Apple TV+ deploys originality of M. Night Shyamalan with 'Servant'
New York (AFP) –
M. Night Shyamalan -- who shot to fame with his supernatural hit film "The Sixth Sense" -- hasn't worked much in television, but he's bringing his uncanny aesthetic to the new Apple TV+ platform with the series "Servant."
The director of "Unbreakable," "Glass" and "The Village" is aiming high with the new series, the first three episodes of which will stream from Thursday.
Although only 10 episodes have so far been filmed -- the remaining seven will be released one by one until January 17 -- Shyamalan says he hopes to shoot 60 in total, and he's already worked out an ending.
"When we think of long-form shows, how many are great from the first episode to the last? Can we count 10? I'm not sure," the director told journalists in New York.
"It's because of so much content, so much speed and we don't know where the end is. 'Hey, if everybody's watching, we're going to go on forever!'" he said.
"Well, no, that's not how storytelling works. We have to know where we are."
As Apple TV+ tries to muscle into a crowded streaming market dominated by the abundant content of Netflix and Disney+, Shyamalan wants to set himself apart with his distinctive style of storytelling.
"There's now ubiquitous content. So how can you differentiate yourself? I'm banking on non-spectacle as the way to make the ingredients extremely excellent. I'm banking on the sushi," he said.
He presents himself as an artist of the onscreen image, capable of creating every aspect of an immediately identifiable universe, as he did with "The Sixth Sense," which made him a hot global property.
"That why I moved the camera at that speed, at that moment, at that lighting, at that angle -- it was thought through and you inherently feel that," he said.
"When you see 500 (series) but one has that kind of integrity, you'll stop."
- Buried trauma -
While Shyamalan usually writes his own screenplays, allowing him to imbue his work with his own distinctive character, "Servant" was scripted by British television writer Tony Basgallop.
The show is infused with the director's trademark anxiety-inducing music, dark lighting and suffocating atmosphere.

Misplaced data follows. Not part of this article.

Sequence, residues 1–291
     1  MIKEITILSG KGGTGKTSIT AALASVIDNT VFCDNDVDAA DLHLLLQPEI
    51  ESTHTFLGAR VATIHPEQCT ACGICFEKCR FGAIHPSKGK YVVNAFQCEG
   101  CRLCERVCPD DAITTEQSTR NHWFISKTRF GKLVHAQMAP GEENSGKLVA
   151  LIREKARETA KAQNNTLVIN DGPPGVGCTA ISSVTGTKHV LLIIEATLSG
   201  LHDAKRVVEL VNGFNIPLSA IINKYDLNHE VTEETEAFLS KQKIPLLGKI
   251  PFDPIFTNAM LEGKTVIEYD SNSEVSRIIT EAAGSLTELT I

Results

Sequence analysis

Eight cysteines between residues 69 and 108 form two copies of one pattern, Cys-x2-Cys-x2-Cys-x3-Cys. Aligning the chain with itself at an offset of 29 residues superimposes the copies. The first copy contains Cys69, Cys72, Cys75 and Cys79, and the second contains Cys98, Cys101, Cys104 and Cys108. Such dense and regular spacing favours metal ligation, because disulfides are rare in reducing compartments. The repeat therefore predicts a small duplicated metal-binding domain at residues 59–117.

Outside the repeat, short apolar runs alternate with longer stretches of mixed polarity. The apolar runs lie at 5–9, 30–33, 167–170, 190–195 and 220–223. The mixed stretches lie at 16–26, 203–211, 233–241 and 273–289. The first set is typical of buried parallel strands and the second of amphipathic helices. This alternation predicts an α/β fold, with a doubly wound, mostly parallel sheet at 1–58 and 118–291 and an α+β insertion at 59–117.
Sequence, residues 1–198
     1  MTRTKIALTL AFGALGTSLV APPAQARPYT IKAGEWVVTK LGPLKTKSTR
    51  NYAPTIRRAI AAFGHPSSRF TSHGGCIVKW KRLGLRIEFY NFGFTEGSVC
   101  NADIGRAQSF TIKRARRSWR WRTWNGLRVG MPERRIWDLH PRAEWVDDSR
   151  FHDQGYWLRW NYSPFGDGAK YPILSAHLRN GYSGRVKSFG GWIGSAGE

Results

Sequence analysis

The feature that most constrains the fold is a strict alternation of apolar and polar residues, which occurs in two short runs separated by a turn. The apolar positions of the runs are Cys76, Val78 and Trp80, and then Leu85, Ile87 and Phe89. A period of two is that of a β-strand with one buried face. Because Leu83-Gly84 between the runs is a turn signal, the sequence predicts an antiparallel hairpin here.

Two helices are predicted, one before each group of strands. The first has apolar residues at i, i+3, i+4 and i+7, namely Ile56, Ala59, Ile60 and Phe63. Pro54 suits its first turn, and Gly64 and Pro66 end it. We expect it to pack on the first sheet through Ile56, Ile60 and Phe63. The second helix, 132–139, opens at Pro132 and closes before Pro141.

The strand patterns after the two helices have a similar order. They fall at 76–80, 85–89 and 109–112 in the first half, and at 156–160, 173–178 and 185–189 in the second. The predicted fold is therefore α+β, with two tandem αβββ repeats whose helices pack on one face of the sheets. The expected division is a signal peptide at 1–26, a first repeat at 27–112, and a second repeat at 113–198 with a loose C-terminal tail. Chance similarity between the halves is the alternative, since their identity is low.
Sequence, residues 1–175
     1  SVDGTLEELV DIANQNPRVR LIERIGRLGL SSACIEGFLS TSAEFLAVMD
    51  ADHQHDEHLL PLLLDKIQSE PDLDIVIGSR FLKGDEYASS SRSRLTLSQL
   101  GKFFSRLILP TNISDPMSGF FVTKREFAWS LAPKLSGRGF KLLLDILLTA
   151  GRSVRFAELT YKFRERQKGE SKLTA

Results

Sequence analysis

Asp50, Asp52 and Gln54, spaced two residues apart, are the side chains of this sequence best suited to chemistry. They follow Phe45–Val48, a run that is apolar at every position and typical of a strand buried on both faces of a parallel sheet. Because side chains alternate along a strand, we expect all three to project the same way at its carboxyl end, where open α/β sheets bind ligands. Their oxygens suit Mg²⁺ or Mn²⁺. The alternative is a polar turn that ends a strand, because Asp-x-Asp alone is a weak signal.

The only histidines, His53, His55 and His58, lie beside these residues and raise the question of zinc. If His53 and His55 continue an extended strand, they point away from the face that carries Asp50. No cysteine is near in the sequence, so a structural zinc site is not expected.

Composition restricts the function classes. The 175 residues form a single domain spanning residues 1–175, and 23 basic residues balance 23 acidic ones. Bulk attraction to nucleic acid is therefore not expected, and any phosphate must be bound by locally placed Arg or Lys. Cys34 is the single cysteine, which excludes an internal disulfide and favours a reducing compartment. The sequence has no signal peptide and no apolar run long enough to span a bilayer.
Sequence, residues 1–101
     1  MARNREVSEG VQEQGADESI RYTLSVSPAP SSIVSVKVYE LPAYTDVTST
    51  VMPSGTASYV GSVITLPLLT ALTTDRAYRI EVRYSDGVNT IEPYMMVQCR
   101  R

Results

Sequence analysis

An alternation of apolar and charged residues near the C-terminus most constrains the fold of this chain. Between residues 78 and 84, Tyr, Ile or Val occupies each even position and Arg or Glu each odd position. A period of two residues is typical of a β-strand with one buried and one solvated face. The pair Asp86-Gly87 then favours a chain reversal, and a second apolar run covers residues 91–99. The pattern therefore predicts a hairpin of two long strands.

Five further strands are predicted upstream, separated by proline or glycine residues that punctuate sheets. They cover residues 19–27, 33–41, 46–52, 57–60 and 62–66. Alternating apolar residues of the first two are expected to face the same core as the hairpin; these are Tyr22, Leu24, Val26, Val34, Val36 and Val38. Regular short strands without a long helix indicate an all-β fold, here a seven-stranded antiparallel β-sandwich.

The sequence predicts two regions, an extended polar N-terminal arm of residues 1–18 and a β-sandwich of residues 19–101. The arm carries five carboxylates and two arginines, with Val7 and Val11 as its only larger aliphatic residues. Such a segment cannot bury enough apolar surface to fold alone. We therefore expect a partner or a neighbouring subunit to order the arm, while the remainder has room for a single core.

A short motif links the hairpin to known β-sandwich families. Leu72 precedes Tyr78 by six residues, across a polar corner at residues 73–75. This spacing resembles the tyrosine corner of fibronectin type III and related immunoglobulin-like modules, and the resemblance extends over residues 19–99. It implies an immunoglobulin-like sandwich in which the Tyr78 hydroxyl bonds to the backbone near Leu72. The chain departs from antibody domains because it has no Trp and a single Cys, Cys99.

The story centers on a couple, Dorothy (Lauren Ambrose) and Sean (Toby Kebbell), who are struggling to cope with the death of their baby. The mother in particular slips into denial.
Enter Leanne, who had been hired as the baby's nanny but who now joins the mother in her new alternative reality -- and eventually starts to take it to new and unexpected levels.
The suspense builds slowly, but viewers are drawn in by the underlying tensions and unsettling characters who are sometimes reassuring, and sometimes disturbing.
Nell Tiger Free, who plays Leanne, said it was all about "finding the balance between being creepy and unnerving and also trying to be accessible. Because you want to be unnerved and you want to be freaked out by her, but you also want to care about her."
Co-star Rupert Grint -- Ron of "Harry Potter" fame -- chimed in: "It poses so many questions. It's so mysterious."
The series is set inside a house in Philadelphia, where the India-born Shyamalan was raised, creating a self-contained world that is reminiscent of the theater.
"This felt like a stage, rather than a set," said Kebbell.
Basgallop said that he and Shyamalan "both like to tell stories that are a little bit uncomfortable, that don't take the easy option all the time."
"We're entertained but there's something darker underneath it," said Shyamalan.
"We're really talking about some human trauma that's underneath it all."
More than any other series marking the debut of Apple TV+, "Servant" could help to define the new streaming platform with a kind of originality that the tech company has always prided itself on.
"I secretly wanted to be at Apple," said Shyamalan.
"Even before Apple was ready to stream, I said, if I can tell a long-form story for someone and help define them, that's really where the dream is."
The series has already been renewed for a second season, ahead of its premiere.
© 2019 AFP